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Teaching Cranes to Migrate
Contributed by Tom Stehn, Aransas National Wildlife Refuge

November 3, 1997
I just got back from the time of my life, traveling as a member of the ground crew along with Kent Clegg and his Ultralight aircraft," reports Tom Stehn, Whooping Crane Coordinator at Aransas National Wildlife Refuge in Texas. "Kent and the Ultralight escorted 4 Whooping Cranes and 8 Sandhill Cranes all the way from Grace, Idaho to Bosque de la Apache National Wildlife Refuge near Socorro, New Mexico! This was just like in the movie' Fly Away Home. The only difference was that instead of flying with Canada Geese, Ultralight pilot Kent Clegg was flying with Cranes!

"I traveled with the Cranes for the entire 9-day Ultralight mission as part of a six-man ground crew. I watched Kent play the part of the Crane chicks' father. The young chicks learned Kent's voice and followed him wherever he went. Kent would normally fly with the birds for about 2 hours early in the morning, and then let the birds rest for half a day. Often, a shorter, one-hour flight was made just before sunset.

"My job was to care for the birds and set up portable pens wherever they landed. Enclosures were needed to keep predators away from the tame Cranes. We fed them a little corn during their daytime rest, but not too much or they wouldn't want to fly. During migration, Cranes don't normally eat very much and live off stored fat reserves. It was absolutely amazing to watch the Cranes run out of their pens and take flight at the same time Kent, in the Ultralight, taxied down the runway, preparing for take off.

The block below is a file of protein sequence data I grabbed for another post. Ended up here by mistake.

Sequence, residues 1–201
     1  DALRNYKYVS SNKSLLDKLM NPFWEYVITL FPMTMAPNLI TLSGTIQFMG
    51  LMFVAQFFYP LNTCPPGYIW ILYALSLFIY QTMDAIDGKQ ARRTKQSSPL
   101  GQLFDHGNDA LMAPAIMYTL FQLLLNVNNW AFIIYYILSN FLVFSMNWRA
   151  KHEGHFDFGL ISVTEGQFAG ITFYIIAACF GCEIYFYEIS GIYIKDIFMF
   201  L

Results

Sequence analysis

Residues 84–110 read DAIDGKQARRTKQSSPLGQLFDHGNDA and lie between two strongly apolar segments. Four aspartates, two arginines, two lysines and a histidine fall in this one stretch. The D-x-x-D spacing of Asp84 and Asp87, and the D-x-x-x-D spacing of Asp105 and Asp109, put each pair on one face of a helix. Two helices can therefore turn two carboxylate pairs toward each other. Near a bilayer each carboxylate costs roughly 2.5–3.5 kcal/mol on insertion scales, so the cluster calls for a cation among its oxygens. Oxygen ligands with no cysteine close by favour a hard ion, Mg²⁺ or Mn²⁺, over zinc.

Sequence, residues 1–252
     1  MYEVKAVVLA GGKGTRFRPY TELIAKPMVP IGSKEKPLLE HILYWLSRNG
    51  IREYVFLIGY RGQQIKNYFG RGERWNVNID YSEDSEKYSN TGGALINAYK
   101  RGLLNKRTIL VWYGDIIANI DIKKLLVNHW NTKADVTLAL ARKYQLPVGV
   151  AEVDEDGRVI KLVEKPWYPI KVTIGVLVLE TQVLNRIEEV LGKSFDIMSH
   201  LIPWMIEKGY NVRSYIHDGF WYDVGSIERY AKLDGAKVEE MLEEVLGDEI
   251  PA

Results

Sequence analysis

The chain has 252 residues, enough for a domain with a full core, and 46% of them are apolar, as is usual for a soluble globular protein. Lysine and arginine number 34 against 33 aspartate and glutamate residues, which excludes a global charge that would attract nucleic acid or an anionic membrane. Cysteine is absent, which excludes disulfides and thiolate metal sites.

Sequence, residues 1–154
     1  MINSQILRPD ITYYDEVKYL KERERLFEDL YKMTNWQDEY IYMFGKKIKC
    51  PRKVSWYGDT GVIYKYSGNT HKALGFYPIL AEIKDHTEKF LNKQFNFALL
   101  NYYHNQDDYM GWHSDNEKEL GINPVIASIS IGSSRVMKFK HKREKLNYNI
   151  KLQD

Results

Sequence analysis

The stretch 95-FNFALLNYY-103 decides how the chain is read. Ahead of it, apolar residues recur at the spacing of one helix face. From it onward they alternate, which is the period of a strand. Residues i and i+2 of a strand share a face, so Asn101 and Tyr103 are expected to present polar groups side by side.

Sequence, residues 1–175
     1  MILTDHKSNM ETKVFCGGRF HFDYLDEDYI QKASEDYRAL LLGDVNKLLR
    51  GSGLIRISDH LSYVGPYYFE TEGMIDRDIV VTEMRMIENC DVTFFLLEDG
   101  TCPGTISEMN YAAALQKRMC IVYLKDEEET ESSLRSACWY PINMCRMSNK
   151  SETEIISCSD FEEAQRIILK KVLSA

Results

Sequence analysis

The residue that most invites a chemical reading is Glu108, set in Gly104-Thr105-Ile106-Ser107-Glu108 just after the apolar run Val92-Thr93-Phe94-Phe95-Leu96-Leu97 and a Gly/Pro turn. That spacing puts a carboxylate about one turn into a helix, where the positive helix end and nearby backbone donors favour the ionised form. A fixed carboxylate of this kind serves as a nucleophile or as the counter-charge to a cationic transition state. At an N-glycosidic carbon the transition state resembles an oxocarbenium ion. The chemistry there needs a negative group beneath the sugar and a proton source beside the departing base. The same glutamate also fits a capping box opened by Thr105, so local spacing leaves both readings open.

"All four Whoopers in the Ultralight mission made the trip all the way to the new destination at Bosque del Apache National Wildlife Refuge. Sadly, one of the Sandhill Cranes died en route after colliding with the Ultralight plane. One of the Whooping Cranes was also badly injured when attacked and knocked from the air by a Golden Eagle. Even though a second airplane flew behind Kent to chase off eagles, this one bird slipped through our air defenses. I, and the rest of the ground crew, rushed out to the injured Crane, cut a sock in half for a bandage to stop the bleeding, and rushed it to a nearby veterinarian. Stitches were needed to close two long punctures in the crane's thigh made by the eagle's talons. The injured Whooping Crane got to ride the rest of the way to Bosque in the back of a trailer and seems to have recovered nicely."

NOTE: These Whoopers are not of the wild flock Tom has so carefully watched over since 1982. They were hatched and reared at Patuxent Wildlife Research Center, located in Laurel, Maryland. When they were only 20 days old, the chicks were flown all the way from Maryland to a large cattle ranch in Grace, Idaho. The ranch is owned by Kent Clegg who has had a longtime love of Whooping and Sandhill Cranes.

Kent has been interested in learning new ways to help build the population of Whooping Cranes in North America. His hope and prediction:

If the Whooping Cranes could be taught to migrate to other areas, perhaps new populations of Cranes could begin to establish themselves in these areas.

So, he wanted to see if Whoopers could indeed be taught to migrate to areas besides Aransas National Wildlife Refuge, their traditional winteringing grounds. Similar to building the population of Trumpeter Swans, establishing new populations of Whoopers could be a way to increase the their overall population.

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